Daily VideoMarch 1, 2021
News Roundup: COVID relief bill passes as vaccination efforts continue to roll out
Directions: Read the summary, watch the video and answer the discussion questions. Have students record what they found most significant in the summaries and ask them what they’d like to learn more about. For a transcript of the video, click here.
Summary of the top news: Vaccination efforts to fight the pandemic got another shot in the arm. The Johnson & Johnson vaccine, which is expected to roll out soon after the FDA nod, will speed up inoculations against COVID-19, but it might be a while before the efforts make a big difference.
- The new Johnson & Johnson vaccine will add up to 20 million doses by the end of March, expanding the number of doses available over the next month by up to 25%. At least 20% of the nation’s adults have received at least one dose of the vaccine.
- Still, the supply of available doses does not match demand. As states open up eligibility to younger and healthier individuals, there could be shortages in some areas for the next couple of months.
Also in the news:
- A $1.9 trillion relief bill was pushed through the House this weekend and will now move on to the Senate. The bill will provide direct assistance through checks to millions of Americans, as well as unemployment assistance and numerous other benefits.
- Though vaccination rates continue to climb, some experts fear that states are too quickly easing COVID-19 safety guidelines and restrictions.
- As the U.S. marks the anniversary of the first COVID deaths in the country, some people want to make March 1 a day of COVID remembrance.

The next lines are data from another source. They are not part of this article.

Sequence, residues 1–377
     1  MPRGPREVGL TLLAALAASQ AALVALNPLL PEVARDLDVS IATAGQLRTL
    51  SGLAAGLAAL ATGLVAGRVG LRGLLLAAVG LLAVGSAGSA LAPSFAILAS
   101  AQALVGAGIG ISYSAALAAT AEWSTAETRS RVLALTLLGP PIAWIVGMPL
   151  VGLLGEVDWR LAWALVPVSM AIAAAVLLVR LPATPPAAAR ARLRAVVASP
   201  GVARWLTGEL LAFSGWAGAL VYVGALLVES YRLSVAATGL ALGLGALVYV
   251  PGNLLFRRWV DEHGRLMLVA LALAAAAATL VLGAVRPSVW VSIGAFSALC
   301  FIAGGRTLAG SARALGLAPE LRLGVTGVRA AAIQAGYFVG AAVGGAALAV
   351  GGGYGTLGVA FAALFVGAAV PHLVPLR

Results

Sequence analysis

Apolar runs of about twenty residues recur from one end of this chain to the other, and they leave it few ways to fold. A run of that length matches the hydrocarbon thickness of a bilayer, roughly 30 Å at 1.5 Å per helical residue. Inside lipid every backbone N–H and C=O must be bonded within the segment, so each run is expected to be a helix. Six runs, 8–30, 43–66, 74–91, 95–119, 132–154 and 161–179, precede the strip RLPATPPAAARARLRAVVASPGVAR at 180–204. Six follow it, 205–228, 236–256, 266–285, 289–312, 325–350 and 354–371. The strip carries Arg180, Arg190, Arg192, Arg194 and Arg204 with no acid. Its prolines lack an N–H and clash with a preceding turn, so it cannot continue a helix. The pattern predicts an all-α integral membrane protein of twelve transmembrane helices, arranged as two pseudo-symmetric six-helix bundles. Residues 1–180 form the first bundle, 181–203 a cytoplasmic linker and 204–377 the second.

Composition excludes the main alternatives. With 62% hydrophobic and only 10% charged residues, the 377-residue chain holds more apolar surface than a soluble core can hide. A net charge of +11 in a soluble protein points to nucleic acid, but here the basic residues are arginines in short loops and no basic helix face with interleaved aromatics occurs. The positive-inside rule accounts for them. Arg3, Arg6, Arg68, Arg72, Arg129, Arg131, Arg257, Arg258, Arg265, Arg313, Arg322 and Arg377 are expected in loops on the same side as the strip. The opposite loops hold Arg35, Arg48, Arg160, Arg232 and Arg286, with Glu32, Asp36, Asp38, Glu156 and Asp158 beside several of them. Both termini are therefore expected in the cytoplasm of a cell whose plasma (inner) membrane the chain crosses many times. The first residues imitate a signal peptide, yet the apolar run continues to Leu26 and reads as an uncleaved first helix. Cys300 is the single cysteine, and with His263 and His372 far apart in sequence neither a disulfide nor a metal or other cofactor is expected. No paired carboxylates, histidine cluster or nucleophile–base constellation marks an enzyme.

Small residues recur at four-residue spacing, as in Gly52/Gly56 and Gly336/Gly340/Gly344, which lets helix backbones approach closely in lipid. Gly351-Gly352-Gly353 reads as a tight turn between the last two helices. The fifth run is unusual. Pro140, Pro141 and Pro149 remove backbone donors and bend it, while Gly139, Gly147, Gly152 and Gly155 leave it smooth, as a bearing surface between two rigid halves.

Warm up questions:
- Who are the groups of people in the United States who have been vaccinated at high rates already?
- What are some ways the Johnson and Johnson vaccine differs from the two other vaccines already on the market?
- Where and When will the vaccine be distributed?
- Why are some experts worried that states are opening up too quickly?
- How do states decide who is eligible for vaccination?
- How should states decide who is eligible for a vaccine now that more are available (but not enough yet for everyone)?
- What has the process for vaccine distribution been like in your state? How can you find out, if you’re not sure?
Media literacy: What news do you think was most important from this summary? What important news are you aware of that was left out?
- Want to help members of your community get registered for a vaccination? Use this full lesson or this guide to explore how to get vaccinated in your own community.
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